Have you ever had the joy of using bicycle infrastructure that is better than anything you’d previously seen or imagined? We had this delightful experience this past summer when the City of Hillsboro finished up its major road project on NE Jackson School Road.
Prior to the project, this was a clogged two-lane roadway, with dangerous ditches bordering the road — no sidewalks on sections, and no bike lanes. It’s a road we would never have used for biking or walking and always avoided.
When construction began, I expected a road-widening project to add car lanes. I had no idea the project would give priority to bike riders and walkers and give us a protected cycle track. Flashing beacon crosswalks were also added, along with a traffic-calming roundabout, and improved lighting.
If you have never experienced infrastructure like this: it’s amazing! Cycling (and walking) is comfortable and pleasant, a complete joy to use.
This newly improved road has quickly become a favorite place for us to ride. It also appears to be popular with the community. Perhaps the most telling metric for the success of the improvements is that property owners along the road had trick-or-treaters for the very first time: kids were finally safe enough to walk from house to house!
As we’ve enjoyed this infrastructure, I wonder how it came to be here, and who made it happen. Who can I thank? I know it didn’t just fall out of the sky, but surely took years of behind-the-scenes work. What responsibility do I have to participate in those processes, to make, preserve, and improve such facilities for my children and future generations?
With these questions in mind, I had the pleasure of talking with Pat Ribellia, who was the planning director for the city of Hillsboro from 2006 to 2012, and Don Odermott who has served the city Hillsboro for 28 years, including about 15 years as the head of Transportation Planning and Policy. They confirmed that the Jackson School Road project has been many years in the making.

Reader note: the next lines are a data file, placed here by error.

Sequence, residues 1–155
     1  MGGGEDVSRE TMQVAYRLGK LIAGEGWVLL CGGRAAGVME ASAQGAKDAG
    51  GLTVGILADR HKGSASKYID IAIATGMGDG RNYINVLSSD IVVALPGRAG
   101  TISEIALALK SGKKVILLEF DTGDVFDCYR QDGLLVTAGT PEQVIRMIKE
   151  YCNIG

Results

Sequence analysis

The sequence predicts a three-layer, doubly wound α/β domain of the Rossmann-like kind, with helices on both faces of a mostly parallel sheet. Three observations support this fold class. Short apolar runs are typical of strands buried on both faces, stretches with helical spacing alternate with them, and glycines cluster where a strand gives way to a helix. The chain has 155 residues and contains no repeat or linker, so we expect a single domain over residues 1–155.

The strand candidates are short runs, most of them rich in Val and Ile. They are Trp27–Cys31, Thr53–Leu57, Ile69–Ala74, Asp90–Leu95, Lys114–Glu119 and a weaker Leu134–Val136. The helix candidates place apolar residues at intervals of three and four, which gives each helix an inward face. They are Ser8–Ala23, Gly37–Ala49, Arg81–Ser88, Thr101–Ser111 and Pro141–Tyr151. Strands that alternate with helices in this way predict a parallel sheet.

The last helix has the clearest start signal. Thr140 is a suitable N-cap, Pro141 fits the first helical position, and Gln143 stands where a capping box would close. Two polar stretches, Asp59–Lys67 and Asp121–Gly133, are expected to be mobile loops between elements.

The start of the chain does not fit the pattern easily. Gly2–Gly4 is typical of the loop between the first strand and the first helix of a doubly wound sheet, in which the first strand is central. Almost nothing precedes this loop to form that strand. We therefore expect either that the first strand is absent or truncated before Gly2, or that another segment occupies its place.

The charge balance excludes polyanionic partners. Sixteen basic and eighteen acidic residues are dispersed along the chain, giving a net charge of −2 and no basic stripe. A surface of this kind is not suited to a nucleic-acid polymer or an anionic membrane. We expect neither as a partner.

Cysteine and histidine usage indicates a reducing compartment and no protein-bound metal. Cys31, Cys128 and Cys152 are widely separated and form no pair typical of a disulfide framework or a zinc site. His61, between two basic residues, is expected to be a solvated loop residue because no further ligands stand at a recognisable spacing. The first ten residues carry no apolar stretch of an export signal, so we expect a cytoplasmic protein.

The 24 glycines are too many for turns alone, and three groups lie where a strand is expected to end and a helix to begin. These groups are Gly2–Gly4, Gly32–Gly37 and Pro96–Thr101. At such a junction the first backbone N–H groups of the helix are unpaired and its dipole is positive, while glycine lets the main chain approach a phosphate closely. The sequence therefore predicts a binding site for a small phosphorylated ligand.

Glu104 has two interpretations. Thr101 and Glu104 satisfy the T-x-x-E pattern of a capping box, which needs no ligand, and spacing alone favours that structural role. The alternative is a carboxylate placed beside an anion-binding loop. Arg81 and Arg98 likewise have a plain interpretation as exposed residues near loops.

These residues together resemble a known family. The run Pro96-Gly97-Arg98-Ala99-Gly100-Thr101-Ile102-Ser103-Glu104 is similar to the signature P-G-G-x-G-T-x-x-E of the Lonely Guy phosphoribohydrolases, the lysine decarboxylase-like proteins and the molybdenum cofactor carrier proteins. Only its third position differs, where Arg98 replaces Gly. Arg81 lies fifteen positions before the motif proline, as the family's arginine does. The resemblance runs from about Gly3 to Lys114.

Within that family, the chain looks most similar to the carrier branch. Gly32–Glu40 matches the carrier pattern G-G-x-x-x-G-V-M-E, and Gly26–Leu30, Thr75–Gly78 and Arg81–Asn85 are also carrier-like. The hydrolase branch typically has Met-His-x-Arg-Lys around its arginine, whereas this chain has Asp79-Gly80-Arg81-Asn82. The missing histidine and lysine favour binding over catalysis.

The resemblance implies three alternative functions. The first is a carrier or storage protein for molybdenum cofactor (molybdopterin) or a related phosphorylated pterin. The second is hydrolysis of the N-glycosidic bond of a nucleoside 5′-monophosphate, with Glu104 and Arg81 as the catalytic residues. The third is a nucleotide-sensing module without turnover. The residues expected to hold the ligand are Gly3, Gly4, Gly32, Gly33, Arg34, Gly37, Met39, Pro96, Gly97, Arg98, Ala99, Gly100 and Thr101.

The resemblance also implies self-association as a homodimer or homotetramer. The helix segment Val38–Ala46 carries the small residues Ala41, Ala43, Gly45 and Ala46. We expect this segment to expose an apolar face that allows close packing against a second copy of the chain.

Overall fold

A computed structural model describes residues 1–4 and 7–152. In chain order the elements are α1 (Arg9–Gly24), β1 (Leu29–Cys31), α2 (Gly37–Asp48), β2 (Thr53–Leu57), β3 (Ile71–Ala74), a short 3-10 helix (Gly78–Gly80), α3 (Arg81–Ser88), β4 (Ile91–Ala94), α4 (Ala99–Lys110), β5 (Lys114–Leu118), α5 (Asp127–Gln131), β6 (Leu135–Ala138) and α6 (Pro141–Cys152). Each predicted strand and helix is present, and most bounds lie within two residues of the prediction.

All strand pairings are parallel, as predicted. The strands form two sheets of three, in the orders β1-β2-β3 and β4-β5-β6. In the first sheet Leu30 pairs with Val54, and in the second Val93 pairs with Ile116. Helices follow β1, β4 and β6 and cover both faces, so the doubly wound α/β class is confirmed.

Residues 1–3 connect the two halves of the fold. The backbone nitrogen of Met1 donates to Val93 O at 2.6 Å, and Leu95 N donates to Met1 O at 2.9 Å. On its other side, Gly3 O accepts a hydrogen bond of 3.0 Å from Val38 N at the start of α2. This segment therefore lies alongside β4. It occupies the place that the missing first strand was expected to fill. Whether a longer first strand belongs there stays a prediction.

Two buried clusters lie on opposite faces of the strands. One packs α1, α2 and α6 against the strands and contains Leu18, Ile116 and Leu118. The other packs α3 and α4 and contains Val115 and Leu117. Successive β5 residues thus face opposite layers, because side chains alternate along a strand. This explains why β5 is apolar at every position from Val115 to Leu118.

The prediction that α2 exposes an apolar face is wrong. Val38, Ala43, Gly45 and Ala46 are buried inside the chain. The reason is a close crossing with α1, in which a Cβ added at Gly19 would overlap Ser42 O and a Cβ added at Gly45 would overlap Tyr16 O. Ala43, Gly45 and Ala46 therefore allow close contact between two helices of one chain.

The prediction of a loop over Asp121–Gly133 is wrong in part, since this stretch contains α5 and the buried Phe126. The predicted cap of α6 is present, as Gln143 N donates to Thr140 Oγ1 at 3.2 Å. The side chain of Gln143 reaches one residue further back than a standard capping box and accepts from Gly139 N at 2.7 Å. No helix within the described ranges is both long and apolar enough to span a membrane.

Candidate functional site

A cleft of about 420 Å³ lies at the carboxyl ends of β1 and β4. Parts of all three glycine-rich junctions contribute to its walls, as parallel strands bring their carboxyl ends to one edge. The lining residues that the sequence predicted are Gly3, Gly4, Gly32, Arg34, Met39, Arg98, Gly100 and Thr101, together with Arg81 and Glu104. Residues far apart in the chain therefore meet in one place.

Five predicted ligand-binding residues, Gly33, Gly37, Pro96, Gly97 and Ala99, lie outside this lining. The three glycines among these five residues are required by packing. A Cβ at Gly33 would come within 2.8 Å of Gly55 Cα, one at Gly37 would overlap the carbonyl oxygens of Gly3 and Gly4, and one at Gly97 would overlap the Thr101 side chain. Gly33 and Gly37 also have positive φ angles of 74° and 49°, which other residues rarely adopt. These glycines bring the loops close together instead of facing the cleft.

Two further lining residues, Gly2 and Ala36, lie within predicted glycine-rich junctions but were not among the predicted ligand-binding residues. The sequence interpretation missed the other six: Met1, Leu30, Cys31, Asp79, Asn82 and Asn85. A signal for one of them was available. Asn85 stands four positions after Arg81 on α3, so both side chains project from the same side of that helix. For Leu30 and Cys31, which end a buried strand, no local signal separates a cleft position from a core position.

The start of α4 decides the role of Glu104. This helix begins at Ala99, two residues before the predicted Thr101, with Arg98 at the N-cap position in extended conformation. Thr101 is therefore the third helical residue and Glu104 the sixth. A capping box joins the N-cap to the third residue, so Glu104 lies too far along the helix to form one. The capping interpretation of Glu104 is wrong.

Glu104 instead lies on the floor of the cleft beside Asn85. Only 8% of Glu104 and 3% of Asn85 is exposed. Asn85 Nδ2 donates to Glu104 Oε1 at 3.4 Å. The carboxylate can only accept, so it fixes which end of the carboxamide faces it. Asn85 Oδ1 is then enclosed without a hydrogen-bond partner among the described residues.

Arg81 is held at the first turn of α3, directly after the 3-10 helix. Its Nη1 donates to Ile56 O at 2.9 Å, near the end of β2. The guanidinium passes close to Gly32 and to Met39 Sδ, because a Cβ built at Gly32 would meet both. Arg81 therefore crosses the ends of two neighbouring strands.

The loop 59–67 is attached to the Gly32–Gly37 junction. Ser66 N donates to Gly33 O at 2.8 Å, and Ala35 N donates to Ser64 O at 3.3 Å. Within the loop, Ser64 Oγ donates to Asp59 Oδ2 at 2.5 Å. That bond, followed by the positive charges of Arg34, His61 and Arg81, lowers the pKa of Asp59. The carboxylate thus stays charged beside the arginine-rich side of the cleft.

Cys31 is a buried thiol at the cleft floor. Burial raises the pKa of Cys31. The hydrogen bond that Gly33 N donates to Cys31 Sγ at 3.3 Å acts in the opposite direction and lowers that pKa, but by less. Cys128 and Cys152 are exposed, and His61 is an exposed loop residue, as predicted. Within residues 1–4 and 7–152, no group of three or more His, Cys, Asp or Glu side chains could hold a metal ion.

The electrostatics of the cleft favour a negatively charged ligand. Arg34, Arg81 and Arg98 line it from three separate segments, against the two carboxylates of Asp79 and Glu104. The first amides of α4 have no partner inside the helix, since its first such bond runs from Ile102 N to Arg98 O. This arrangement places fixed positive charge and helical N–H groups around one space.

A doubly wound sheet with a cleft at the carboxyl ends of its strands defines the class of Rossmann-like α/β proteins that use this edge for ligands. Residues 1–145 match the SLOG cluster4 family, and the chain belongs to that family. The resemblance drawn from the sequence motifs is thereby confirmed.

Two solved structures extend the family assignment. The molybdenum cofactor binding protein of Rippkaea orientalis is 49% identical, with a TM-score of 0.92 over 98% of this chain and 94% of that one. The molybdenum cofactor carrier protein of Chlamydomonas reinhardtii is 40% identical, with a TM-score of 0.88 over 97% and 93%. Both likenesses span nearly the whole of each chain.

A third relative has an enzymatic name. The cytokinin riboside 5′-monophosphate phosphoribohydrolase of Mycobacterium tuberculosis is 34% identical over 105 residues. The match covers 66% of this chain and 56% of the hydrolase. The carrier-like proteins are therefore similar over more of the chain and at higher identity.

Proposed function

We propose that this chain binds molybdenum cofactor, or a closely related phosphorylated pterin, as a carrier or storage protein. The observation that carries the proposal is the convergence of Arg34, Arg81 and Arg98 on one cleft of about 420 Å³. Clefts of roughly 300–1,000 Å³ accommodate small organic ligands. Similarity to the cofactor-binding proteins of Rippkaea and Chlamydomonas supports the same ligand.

“Sometimes it takes a champion”
My biggest question was: how did the awesome bike infrastructure get included in this project? Odermott explained that over the past three decades, “the nature of the bike solution has evolved.” In his career of 35+ years in engineering design, the norm started with no bike lanes, then four foot bike lanes, then five and six foot wide bike lanes, and then buffered bike lanes.
Now it’s six foot lanes plus a two-foot buffer and elevated/separated cycle tracks. A real evolution in cycling infrastructure. “Sometimes it takes a champion,” Odermott said. And in Hillsboro, “the largest credit for that goes to our retired assistant city manager, Rob Dixon, who really led the vision for all of us that we all rallied around that has now made what we call cycle tracks, our city standard for bikes treatment.”
Odermott speculated that Hillsboro has “probably built more cycle tracks now than…any jurisdiction in the Portland region over the last 10 years.” Wherever cycle tracks are a good fit, that’s now the “go to” cycling solution in Hillsboro.
For me, it’s a revelation of how great cycling infrastructure can be, and how a cycling advocate in city leadership can make cycling infrastructure dreams a reality. Previously, I wouldn’t have had the vision or the guts to suggest infrastructure like this. Looking at the road prior to construction, I would have thought, “there isn’t room,” “property owners will be angry,” “it would be way too expensive.”
Now, after riding this, I look at every other road in my community differently. I have a vision for what can be, even when it looks challenging or impossible. And I want to get more of that vision (vacation to Amsterdam?) so that I don’t stop short when it comes to future advocacy opportunities. Better cycling infrastructure really is possible.
In this time of thanksgiving, I’m so thankful for all the folks behind-the-scenes that made this project a reality. We’ll be thanking you in our hearts every time we ride.